This pic shows the juvenile eel identified as Barathrites living in relationship with the echinothurioid urchin Hygrosoma petersi at 1488 m at Yakutat Seamount.

The urchin here is about 17 cm in diameter (fish is about 9 cm long).

Usually, these associations were of single eels living in and around the urchins, pecking at food and bits in the sediment-while swimming in and out around the spines and such.
(Figure 3 from Moore & Auster, 2009)
Moore and Auster believe that this is sort of a commensal relationship. The fish presumably gets some protection while it safely eats and forages. The urchin doesn't seem to get any obvious benefit..but doesn't seem too perturbed by the fish either...

Not every urchin gets some freeloading fish living in and around them!

Moore and Auster report that of the 37 urchins they observed, 89% of them (i.e., 33 urchins) did NOT have commensals.
(Figure 4 from Moore & Auster, 2009)
However there WERE different taxa that played host to baby cusk eels.. Their figure 4 shows a tiny little fish in association with another genus, Araeosoma fenestratum. Note that this is the proper name for the animal in their Fig. 4! Thanks to Dave Pawson. for the information!

Its important to point out that its only the juvenile cusk eels that seem to practice this "hiding among the sea urchins" type of behavior. Adult cusk eels apparently get quite big (62 cm in length! that's about 2 feet long!)..and yeah, no one's seen them hiding behind a 17 cm sea urchin!

What's kind of interesting about this behavior is how you see a similar KIND of behavior among completely unrelated fish in shallow water! Poisonous sea urchin spines just got that somethin' somethin'!!!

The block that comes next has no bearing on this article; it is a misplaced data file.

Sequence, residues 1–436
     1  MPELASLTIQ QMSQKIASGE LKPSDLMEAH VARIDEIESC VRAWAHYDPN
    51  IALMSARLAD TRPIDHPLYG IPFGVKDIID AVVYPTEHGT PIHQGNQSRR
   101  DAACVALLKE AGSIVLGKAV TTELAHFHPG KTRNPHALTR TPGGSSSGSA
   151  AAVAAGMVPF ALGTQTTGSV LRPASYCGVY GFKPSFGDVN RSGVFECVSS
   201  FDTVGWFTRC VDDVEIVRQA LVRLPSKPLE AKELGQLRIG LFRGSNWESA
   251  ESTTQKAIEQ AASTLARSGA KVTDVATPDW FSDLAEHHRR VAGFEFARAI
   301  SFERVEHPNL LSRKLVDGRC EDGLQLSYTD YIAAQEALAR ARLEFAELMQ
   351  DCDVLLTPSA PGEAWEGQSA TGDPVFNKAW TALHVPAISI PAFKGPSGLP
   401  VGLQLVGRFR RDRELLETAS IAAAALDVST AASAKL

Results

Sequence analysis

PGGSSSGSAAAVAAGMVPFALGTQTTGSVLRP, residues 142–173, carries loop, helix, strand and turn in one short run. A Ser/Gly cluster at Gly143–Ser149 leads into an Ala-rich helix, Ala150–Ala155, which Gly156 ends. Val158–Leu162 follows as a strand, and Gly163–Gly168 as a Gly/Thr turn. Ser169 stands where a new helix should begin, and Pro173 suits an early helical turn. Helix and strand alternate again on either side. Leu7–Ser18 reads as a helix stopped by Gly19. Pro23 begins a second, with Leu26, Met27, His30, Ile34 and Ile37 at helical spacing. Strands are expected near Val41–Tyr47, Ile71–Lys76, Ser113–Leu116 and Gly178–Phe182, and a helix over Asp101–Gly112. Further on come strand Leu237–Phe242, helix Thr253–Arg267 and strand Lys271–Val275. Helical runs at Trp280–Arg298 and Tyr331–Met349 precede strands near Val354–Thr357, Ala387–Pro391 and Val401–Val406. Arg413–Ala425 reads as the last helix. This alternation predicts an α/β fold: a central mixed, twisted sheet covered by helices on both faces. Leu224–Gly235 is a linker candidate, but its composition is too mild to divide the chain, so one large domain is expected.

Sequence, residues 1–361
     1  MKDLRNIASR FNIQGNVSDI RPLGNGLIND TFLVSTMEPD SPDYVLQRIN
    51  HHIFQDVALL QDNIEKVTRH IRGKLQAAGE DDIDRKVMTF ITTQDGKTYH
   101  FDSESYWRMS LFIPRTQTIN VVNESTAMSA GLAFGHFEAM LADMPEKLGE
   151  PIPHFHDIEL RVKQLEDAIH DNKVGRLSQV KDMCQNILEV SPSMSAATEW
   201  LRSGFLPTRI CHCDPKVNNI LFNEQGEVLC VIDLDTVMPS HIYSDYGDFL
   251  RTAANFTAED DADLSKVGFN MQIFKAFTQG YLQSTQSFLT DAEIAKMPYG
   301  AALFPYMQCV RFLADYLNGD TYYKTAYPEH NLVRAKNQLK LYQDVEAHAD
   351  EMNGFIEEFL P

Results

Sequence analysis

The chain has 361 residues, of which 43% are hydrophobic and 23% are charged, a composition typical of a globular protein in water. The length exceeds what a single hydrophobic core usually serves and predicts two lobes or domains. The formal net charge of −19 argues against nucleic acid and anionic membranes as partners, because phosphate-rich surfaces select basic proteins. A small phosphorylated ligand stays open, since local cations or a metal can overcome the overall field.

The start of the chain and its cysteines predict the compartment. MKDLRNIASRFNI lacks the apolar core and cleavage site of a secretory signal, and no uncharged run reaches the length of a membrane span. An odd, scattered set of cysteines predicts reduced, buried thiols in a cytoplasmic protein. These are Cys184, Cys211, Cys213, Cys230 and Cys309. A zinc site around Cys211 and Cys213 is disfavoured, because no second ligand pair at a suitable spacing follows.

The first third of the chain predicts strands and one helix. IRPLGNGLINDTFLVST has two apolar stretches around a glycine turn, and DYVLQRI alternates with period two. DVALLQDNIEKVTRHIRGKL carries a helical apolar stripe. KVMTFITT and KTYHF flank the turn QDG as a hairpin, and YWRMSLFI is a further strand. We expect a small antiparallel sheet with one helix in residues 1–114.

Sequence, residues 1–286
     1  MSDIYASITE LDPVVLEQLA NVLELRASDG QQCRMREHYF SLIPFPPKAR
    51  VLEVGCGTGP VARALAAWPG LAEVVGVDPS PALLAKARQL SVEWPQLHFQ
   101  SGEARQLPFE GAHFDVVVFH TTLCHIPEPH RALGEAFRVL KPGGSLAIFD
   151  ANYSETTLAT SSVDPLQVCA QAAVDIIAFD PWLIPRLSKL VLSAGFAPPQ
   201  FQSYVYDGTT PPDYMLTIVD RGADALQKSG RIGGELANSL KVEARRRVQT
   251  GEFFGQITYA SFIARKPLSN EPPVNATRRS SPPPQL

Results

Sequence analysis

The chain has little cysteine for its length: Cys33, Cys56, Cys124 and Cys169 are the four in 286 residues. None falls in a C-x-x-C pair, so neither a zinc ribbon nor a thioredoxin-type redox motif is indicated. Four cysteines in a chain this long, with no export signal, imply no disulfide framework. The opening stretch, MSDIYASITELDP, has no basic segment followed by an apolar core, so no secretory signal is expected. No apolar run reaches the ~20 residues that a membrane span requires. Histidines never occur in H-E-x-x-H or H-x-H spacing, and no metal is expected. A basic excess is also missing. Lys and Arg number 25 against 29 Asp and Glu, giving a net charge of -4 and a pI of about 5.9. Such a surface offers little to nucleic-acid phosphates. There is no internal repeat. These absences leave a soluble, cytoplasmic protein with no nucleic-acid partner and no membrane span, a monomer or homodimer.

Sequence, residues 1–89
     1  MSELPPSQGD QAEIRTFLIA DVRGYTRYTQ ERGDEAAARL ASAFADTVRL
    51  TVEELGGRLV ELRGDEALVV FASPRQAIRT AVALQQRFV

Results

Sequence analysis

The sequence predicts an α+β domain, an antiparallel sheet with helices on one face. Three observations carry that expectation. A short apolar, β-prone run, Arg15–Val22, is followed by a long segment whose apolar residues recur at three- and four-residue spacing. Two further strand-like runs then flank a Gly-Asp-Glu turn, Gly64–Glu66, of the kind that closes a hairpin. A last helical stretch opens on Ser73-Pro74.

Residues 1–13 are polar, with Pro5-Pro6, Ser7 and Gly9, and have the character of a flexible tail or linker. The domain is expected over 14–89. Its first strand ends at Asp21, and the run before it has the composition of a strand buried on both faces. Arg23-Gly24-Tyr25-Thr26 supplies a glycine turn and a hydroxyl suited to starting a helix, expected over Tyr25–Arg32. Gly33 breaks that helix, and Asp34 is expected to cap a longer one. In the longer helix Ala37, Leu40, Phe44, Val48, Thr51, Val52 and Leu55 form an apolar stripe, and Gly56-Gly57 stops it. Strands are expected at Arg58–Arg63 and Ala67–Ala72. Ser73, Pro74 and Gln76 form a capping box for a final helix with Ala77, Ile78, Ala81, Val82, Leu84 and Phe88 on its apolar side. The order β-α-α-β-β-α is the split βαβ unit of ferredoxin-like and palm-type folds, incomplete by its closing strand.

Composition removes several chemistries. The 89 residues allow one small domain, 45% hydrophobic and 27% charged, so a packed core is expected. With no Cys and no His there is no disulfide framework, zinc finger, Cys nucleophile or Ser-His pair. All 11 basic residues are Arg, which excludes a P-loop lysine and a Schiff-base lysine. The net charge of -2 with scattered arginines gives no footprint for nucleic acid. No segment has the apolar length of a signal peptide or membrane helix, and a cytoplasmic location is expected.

Shallow Water fish relationships
To compare, here is Diademichthys lineatus a relatively familiar shallow-water clingfish that lives in and around the spines of the well-known Diadema.

How closely associated are these fish? The name "diadem" refers to a spiny crown (i.e., the sea urchin) whereas "ichthys" refers to fish and "lineata" refers to the pattern on the body.. But their name is literally tied to their habitat!

According to a paper by Hiroko Sakashita in 1992, which was written about them here the relationship between this shallow-water species and their hosts are a bit more exploitive with juveniles feeding on body parts (pedicellariae and sphaeridia) as well as copepods that also lived as commensals..

As the animals grow into adults, their diet changes and they go after food that is more independent of the sea urchin.. clams and other small invertebrates elsewhere... both seems as if the fish get what they will out of it but then "outgrow" their hosts as they mature.

Bah! Isn't that just like a fish?

Tuesday, August 2, 2011

Starfish Standing on their Tippy Toes: The Strangeness of Spawning!

(this image from the book Great British Marine Animals! )
How many times in my professional career have I been approached by a diver or some experienced field biologist with a picture of some animal doing an ODD thing. They bring the picture to me and say "By the way, we see this ALL the time. I'm sure its well known".

And it turns out, that it is NOT well known but it sure seems like it ought to be known! Why don't we know???

Case in point- the topic of today's blog-the "spawning posture" observed in sea stars!! This is the odd stance taken by asteroids as they climb up on their tippy toes with disk sticking upward into the water as well-demonstrated by this tropical ophidiasterid from Japan, Fromia indica

While I was researching this topic I was quite surprised to learn that there haven't been ANY studies on how doing this weird "step up on the tippy toes" posture helps or otherwise affects the animal during spawning

One sees this posture in cold water species such as the North Pacific Pisaster brevispinus